Be prepared to say “no.” Although food suppliers are making strides, there will likely be items that you can’t find sans packaging, such as dressings or sauces. In these cases, be prepared to refuse an item based upon its packaging. Have a Plan B in mind, and scope out different grocery stores for ones that carry specific items. If you can speak with an employee directly, don’t be afraid to say something like: “I try to stay away from plastic packaging, but I really want to buy this.” Often, people are open to working with you, especially if it means getting your business!
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More people are opting for grocery services. While these do have the advantage of saving time and potentially fuel, they can make it more difficult to stick to your low-waste living goals. Recognize these obstacles in advance so you can make the right plan for your lifestyle.
Curbside: Nearly all curbside grocery pickup and delivery order forms provide a section for you to add special instructions. Here, you can request that your produce items be kept loose, as opposed to put in plastic produce bags, and also that your order be placed into paper grocery bags. This system certainly isn’t perfect yet, but because it’s so new, now’s the time to make your voice heard.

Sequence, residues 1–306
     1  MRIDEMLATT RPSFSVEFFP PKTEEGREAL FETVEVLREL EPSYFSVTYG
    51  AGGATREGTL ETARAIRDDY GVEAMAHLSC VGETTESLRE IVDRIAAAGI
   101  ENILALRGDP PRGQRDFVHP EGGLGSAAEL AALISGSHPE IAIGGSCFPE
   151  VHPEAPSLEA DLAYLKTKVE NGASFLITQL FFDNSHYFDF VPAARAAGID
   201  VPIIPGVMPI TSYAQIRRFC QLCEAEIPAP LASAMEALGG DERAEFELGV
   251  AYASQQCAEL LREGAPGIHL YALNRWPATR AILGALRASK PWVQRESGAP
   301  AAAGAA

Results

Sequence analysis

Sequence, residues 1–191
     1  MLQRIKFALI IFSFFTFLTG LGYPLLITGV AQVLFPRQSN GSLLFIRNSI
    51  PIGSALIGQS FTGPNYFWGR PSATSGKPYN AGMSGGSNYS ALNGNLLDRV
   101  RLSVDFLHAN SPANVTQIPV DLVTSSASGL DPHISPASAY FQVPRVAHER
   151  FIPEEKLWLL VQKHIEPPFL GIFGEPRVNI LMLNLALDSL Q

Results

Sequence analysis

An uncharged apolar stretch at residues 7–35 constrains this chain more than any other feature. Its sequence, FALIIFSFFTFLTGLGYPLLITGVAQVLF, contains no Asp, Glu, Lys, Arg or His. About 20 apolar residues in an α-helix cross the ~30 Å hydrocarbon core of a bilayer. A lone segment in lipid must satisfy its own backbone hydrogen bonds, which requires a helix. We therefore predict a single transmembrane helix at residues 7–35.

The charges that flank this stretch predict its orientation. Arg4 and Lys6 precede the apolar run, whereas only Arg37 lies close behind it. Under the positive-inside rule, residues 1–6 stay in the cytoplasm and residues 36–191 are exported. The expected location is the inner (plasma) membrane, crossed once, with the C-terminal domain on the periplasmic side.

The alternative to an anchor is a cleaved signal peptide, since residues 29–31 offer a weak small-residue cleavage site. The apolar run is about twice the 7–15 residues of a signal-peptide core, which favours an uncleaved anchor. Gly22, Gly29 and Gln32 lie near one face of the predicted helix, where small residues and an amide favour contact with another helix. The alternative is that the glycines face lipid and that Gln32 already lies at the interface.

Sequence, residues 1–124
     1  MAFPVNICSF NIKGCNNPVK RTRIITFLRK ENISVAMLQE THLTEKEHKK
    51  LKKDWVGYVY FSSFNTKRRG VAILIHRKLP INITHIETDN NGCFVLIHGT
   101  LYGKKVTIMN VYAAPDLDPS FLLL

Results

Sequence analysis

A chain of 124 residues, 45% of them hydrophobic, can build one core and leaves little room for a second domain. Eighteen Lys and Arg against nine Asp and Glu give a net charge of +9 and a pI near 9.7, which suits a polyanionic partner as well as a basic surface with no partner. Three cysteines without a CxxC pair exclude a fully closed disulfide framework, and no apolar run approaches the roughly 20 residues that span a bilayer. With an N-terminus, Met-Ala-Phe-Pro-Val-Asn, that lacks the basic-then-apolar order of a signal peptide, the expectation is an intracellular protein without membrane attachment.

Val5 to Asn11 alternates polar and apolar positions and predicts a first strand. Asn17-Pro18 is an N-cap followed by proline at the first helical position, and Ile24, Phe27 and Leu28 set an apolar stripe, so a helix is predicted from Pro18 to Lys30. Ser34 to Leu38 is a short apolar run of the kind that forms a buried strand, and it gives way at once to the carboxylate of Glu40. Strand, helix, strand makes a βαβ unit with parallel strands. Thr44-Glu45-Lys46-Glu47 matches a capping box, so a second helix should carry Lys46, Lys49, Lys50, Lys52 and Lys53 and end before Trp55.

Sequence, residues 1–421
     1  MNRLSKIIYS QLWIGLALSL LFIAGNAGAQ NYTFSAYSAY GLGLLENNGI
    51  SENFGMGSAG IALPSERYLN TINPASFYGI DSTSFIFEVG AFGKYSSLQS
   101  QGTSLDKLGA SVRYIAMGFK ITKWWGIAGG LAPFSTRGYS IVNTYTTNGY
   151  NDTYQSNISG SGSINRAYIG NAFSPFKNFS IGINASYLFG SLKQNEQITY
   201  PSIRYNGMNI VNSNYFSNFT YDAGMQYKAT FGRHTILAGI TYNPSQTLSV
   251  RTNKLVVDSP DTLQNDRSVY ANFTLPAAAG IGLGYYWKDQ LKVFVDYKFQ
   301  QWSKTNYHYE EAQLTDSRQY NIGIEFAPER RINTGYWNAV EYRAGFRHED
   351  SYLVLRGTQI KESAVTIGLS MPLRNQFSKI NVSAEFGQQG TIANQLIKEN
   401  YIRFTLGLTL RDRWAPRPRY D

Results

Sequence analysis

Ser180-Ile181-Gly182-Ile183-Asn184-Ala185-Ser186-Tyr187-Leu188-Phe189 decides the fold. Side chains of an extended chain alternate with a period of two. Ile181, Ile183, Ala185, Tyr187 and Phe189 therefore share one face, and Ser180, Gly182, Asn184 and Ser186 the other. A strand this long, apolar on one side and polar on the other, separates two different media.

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Meal delivery services: There’s no shortage of options nowadays for those looking for meal prep delivery services. One advantage to this grocery option is that it significantly cuts down on food waste — however, it typically makes up for that in packaging and trash. Nearly everything in a meal kit delivery is individually wrapped in plastic; plastic bags, plastic Tupperware containers, and plastic wrap take center stage.
Currently, there doesn’t appear to be any large, nationwide meal kit delivery service that’s committed to going zero-waste, but several bigger companies are making strides. Green Chef emphasizes reusable and recyclable packaging. Purple Carrot offers a guide on their website on how to reuse, recycle, and compost your kit items. Sun Basket provides packaging that is 100 percent recyclable and/or compostable.
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Whether you decide to simply bring your own bags to the grocery store, or attempt full-on zero-waste shopping, remember that your actions matter. Every step toward less waste is a positive one for your health and the health of the planet — and it’s a fantastic resolution for this new year!